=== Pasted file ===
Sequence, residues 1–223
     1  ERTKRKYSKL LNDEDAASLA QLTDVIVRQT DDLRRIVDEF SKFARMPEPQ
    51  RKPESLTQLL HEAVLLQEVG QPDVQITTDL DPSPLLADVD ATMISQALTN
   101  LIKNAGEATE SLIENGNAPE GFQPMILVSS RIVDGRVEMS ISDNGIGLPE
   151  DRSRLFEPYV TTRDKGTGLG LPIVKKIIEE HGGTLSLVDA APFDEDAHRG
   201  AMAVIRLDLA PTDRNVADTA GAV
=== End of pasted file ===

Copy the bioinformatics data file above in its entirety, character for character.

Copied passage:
Sequence, residues 1–223
     1  ERTKRKYSKL LNDEDAASLA QLTDVIVRQT DDLRRIVDEF SKFARMPEPQ
    51  RKPESLTQLL HEAVLLQEVG QPDVQITTDL DPSPLLADVD ATMISQALTN
   101  LIKNAGEATE SLIENGNAPE GFQPMILVSS RIVDGRVEMS ISDNGIGLPE
   151  DRSRLFEPYV TTRDKGTGLG LPIVKKIIEE HGGTLSLVDA APFDEDAHRG
   201  AMAVIRLDLA PTDRNVADTA GAV